The subtlety of sharing business stories that illustrate the benefits of a product or service with audiences that are actively seeking ways to improve their companies or themselves, is a potent formula. It gets right to the old adage that nobody buys a drill because they need a high-speed, 450w, handheld tool—they buy a drill because they need a quarter-inch hole. Content marketing is all about the quarter-inch hole.
For B2B marketers, every LinkedIn post has potential for lead generation or influence with decision makers. Many companies employ the platform for exactly this type of tactic, and it’s been possible for the past year to utilize sponsored updates and other site tools to target geographies, types of companies or job titles on LinkedIn. But until today, the system has been somewhat closed.
“That’s why we say this is an ecosystem play,” explained Legrand, LinkedIn’s senior director of marketing solutions, Asia Pacific and Japan, speaking about two new programmes just out of beta.
LinkedIn’s just released Sponsored Update Partners program opens the site’s API to select companies including AdStage, Brand Networks, SHIFT, the Salesforce ExactTarget Marketing Cloud (which includes Social.com) and Unified Social. The main benefit is wider integration. Previously the social network was not connected to these firms and clients would have to manage content for the site separate from other social campaigns. Opening the API means brands can now distribute across multiple sites and track everything from a single dashboard.
“Its really about creating efficiencies for our marketers,” Legrand said. “Any marketer that’s using Social.com, for example, now can directly post and manage their campaign from Social.com onto LinkedIn.”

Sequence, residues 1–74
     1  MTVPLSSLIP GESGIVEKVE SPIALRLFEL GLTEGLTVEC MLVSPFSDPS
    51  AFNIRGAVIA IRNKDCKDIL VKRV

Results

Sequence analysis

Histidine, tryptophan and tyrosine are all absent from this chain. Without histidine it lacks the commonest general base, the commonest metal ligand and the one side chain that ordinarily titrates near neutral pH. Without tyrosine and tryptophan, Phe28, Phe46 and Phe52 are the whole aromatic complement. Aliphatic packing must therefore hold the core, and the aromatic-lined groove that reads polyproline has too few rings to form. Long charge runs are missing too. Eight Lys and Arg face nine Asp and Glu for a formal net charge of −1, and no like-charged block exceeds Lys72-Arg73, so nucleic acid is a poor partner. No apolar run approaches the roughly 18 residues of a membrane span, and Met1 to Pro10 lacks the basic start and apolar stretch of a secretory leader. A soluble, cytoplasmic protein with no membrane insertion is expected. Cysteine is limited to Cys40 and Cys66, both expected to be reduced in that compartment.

Each partner also offers more layers for analysing, scheduling and measuring, which Legrand emphasised as another benefit for marketers. He also said the companies that used the program during beta saw much higher engagement overall. And many creative and media agencies, he added, use these partner platforms “so it’s another way they can manage and optimise a campaign on behalf of a client.”
But the content itself, not just how you manage it, is of course vital for engagement. To that end the other just-released programme, Content Partners, gives brands access to companies with expertise in creating compelling posts. LinkedIn asserts that during the pilot phase, several beta customers performed in the top 1 per cent for all Sponsored Updates campaigns using content from these partners.
A 100-page white paper, Legrand reasoned, may not have a wide audience. But it would certainly contain key details that are relevant to different professionals in a given industry. He explained that LinkedIn’s content partners understand how to break down that kind of content into the “snackable bits” that engage people on social media.
Publishers such as The Atlantic, Bloomberg, CBS Interactive, and IDG Communications; content platforms Newscred and Percolate; and custom content creators like Atlantic Media Strategies, Contently, Freshwire, and Group SJR are all among the content partners.
For a broader view, Legrand drew attention to the fact that the two new programs “play into our mission of becoming a publishing platform, so we want to make sure we create the right ecosystem for marketers to use it more, and to use it more efficiently”.
He also highlighted that both programs are not about revenue streams but rather about growing the user base for proven strategies and feeding that back into the quality of the site’s offering to both networkers and marketers.
Campaign Asia-Pacific’s May issue has more content-marketing best practices from our coverage of the Content Marketing Conference held in Singapore at the beginning of April. A second event takes place this October in Shanghai.